In order to combat the problem of widespread gender-based violence, a family code had been prepared that addressed a range of issues pertaining to women’s place in society. Legal guarantees for gender equality were not implemented in practice, but the Government was conducting a range of activities to facilitate progress towards observance of international human rights standards. Civil society played an important role in those efforts, especially in the area of public awareness-raising.

Another difficulty was inadequate administration of justice. Both resources and well‑trained staff were in short supply, and corruption was rife. In an effort to combat corruption, monitoring activities were being carried out regularly and the findings were made public. As yet, there were no specialized training institutions for judges, and legal education in general was deficient. Improvements in that area were vital to ensuring adequate access to justice. Reconciling customary law with the norms and values of modern law, including international human rights standards, was also a challenge.

Although racial discrimination as such did not exist in Chad, a lack of mutual tolerance and persistent ideological rivalry between different ethnic and religious groups were widespread. Awareness-raising activities therefore focused on peaceful coexistence and the promotion of common values. The most serious discrimination-related issue was the status of women in Chadian society. Discriminatory practices such as lack of access to education for girls, early marriage and female genital mutilation were deeply rooted in tradition and difficult to eradicate. Domestic violence was also a problem, and women often refrained from taking legal action for fear of social retaliation. A number of women’s organizations had been set up to support women in their struggle against domestic violence, including by helping them file complaints.

The difficult socio-economic situation and ongoing armed conflict had also had a negative effect on the situation of children. Violations of children’s rights included forced labour, kidnapping for ransom, and exploitation and abuse by marabouts (religious teachers). The abuse of children placed in religious reform schools, sometimes thousands of miles away from their homes or abroad, had attracted considerable public attention. In response to a series of complaints and reports, the schools had been closed, and the marabouts implicated in the violations had been brought to justice. It was now prohibited to send children to religious schools abroad, since they were less vulnerable in a familiar environment closer to home.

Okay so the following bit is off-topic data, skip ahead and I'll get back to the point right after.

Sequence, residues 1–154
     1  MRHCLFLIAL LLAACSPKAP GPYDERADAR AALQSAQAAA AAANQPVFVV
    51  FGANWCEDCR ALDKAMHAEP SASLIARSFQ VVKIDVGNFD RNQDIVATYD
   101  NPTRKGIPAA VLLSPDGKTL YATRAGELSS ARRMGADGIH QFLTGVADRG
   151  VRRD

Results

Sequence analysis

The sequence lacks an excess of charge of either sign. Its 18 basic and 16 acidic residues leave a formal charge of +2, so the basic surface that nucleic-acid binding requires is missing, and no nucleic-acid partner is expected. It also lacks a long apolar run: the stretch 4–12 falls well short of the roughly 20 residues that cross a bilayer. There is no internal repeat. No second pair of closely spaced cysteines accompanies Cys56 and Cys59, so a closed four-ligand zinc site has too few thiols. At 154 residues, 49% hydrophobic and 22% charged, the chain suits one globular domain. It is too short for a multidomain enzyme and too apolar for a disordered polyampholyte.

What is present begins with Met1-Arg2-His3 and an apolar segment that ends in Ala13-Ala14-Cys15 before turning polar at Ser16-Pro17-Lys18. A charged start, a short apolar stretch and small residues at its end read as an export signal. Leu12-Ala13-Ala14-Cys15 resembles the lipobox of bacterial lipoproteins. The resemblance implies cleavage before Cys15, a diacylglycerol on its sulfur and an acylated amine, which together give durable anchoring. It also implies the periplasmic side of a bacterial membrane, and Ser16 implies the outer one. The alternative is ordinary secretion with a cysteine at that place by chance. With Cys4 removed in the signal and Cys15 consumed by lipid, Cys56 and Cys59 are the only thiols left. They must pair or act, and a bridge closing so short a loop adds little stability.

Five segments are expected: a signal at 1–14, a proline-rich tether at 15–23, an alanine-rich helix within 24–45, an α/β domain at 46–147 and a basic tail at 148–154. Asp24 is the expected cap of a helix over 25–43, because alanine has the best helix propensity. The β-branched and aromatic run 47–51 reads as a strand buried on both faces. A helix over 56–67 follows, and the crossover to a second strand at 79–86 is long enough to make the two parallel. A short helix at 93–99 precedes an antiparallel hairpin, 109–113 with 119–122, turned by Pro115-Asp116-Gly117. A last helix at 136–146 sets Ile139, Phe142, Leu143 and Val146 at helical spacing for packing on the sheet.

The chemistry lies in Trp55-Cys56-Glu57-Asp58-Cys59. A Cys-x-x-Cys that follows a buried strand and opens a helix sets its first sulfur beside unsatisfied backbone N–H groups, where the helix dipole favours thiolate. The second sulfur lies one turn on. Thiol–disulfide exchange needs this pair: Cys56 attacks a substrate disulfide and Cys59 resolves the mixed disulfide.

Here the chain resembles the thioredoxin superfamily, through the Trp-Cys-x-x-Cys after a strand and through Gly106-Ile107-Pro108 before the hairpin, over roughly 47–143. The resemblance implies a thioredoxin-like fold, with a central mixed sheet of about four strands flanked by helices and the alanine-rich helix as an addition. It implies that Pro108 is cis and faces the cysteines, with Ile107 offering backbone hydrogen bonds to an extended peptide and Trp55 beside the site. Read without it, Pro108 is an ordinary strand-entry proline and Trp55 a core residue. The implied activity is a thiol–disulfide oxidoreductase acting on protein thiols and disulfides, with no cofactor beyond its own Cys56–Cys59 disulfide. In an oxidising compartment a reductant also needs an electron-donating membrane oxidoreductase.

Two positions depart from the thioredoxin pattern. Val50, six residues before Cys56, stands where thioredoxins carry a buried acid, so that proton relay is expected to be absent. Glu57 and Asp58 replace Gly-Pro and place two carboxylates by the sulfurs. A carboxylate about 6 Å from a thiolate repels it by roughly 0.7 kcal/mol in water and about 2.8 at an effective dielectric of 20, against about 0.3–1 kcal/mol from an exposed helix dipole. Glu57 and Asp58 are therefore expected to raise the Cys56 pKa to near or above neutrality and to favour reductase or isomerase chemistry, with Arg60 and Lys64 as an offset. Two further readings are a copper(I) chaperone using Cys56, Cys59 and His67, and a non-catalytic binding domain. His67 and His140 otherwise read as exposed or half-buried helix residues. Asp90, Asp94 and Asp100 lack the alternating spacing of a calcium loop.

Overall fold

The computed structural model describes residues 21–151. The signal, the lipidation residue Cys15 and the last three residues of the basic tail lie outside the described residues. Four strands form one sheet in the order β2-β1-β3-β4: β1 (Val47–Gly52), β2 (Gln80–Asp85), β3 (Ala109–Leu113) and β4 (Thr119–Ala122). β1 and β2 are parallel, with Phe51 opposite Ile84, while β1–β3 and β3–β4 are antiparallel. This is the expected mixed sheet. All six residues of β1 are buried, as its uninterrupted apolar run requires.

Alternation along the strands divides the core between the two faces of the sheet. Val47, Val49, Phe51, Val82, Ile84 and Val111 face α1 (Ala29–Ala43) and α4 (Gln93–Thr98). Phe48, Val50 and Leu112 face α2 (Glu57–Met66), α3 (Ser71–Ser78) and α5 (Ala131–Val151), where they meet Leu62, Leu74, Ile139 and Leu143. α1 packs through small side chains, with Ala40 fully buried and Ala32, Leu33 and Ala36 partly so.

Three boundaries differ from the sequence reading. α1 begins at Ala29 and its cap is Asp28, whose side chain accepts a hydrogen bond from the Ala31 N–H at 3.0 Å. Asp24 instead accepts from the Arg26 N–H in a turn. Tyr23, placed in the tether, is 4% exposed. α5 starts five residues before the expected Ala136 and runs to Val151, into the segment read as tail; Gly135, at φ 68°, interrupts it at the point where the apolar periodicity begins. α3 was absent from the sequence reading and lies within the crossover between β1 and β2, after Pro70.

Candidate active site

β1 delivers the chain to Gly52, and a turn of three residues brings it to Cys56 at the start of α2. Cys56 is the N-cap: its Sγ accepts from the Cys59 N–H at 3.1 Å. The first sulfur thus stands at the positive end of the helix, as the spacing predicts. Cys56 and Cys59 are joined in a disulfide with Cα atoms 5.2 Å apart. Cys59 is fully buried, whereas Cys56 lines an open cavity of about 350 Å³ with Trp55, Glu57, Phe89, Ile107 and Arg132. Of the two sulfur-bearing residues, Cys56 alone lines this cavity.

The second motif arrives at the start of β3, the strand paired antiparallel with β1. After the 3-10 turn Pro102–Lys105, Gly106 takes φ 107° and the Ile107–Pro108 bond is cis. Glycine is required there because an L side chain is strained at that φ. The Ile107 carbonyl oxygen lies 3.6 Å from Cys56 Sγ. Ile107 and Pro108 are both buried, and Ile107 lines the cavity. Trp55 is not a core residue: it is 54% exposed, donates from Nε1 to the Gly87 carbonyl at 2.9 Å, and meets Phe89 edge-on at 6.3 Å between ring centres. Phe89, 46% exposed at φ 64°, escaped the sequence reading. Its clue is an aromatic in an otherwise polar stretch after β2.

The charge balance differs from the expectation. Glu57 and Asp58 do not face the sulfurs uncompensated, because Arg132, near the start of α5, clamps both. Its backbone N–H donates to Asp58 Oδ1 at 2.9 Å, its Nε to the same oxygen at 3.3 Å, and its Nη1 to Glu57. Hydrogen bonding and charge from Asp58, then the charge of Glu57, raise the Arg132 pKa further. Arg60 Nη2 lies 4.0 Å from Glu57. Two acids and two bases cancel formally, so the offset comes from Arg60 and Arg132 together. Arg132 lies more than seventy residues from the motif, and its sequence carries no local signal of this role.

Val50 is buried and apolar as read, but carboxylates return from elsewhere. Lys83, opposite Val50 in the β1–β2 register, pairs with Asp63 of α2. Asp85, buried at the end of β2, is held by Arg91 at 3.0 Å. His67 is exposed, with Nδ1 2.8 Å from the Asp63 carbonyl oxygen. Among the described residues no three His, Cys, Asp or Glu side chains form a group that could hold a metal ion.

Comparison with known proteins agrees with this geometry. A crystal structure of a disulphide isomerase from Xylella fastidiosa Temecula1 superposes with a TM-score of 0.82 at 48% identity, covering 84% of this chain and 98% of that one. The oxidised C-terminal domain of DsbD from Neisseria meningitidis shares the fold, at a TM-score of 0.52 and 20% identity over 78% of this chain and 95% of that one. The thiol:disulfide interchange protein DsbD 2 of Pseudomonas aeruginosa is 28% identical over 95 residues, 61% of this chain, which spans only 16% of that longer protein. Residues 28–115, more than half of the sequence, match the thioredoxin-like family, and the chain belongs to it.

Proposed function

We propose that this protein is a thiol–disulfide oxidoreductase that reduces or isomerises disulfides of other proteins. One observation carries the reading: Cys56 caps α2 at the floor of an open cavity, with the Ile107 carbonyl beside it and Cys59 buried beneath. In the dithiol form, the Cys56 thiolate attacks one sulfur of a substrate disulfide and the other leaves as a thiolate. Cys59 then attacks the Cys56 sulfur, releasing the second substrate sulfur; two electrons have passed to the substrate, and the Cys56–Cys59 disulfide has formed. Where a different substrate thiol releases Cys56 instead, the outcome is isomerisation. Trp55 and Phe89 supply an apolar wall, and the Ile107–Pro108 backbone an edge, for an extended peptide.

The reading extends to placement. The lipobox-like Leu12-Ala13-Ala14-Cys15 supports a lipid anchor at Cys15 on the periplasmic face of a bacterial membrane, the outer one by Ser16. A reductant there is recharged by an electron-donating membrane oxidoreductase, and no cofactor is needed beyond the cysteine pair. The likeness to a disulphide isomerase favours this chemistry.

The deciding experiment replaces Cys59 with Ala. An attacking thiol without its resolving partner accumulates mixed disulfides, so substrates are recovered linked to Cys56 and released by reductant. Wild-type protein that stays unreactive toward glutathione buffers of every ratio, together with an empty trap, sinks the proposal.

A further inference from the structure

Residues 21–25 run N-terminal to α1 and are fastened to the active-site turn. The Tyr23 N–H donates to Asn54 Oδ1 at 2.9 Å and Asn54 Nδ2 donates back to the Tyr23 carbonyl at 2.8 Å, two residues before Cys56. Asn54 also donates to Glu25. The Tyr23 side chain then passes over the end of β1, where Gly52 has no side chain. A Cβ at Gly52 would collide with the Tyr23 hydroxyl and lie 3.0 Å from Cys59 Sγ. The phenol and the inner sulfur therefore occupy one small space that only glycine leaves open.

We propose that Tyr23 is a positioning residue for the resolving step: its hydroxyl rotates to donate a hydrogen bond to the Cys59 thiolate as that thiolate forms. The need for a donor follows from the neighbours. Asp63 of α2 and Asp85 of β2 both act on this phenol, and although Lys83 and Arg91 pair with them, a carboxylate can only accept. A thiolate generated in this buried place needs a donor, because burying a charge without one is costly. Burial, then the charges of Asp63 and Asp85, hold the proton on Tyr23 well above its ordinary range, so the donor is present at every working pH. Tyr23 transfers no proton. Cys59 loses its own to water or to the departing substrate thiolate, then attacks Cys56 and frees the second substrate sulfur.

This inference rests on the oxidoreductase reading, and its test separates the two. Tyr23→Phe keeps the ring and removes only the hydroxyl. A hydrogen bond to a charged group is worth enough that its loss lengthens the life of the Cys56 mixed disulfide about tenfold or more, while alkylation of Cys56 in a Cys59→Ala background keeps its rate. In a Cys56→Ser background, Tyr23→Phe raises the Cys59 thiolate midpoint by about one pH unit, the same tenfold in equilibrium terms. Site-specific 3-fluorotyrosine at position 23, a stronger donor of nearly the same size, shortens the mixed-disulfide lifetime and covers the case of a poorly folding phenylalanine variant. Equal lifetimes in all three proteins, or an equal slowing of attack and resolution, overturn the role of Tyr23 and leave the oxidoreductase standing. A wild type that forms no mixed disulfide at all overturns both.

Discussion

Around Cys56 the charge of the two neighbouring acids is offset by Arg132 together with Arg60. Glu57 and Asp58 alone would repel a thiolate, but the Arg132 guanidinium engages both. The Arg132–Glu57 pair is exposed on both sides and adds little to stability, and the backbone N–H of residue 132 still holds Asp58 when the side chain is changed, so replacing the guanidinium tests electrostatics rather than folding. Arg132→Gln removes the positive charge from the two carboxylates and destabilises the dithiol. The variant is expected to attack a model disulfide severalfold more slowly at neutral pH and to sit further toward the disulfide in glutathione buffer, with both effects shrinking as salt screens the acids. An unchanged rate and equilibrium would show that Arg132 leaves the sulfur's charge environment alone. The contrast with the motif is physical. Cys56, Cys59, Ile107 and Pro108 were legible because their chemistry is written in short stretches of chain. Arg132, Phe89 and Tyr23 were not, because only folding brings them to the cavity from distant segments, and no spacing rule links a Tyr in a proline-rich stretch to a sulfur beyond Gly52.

The Government had taken steps to ensure that NGOs were able to carry out their work, in cooperation with the National Commission on Human Rights. The Government was organizing a National Human Rights Forum in November 2009, where many NGOs would be represented. He invited the Committee to attend the forum, which would include workshops on human rights, discrimination and NGOs. The Committee’s expertise would be invaluable at that event. The Government had already invited the United Nations High Commissioner for Human Rights and representatives of the European Union as well as experts from Africa, Europe and the United States of America. The Government hoped to find tangible responses to human rights issues, and that the forum would establish an action plan which would become the 2010 human rights policy. It also hoped to receive financial assistance and expert advice from the international community to bring its legislation into line with the international human rights instruments it had ratified and to ensure their implementation throughout the country.

He also called on the international community to help resolve the situation in Darfur, which was causing many problems in terms of violence, refugees and human rights violations in his country and across the border. The measures that both Chad and the international community had taken to date had not had the desired effect, particularly in terms of prosecuting the perpetrators and politicians involved in the violence.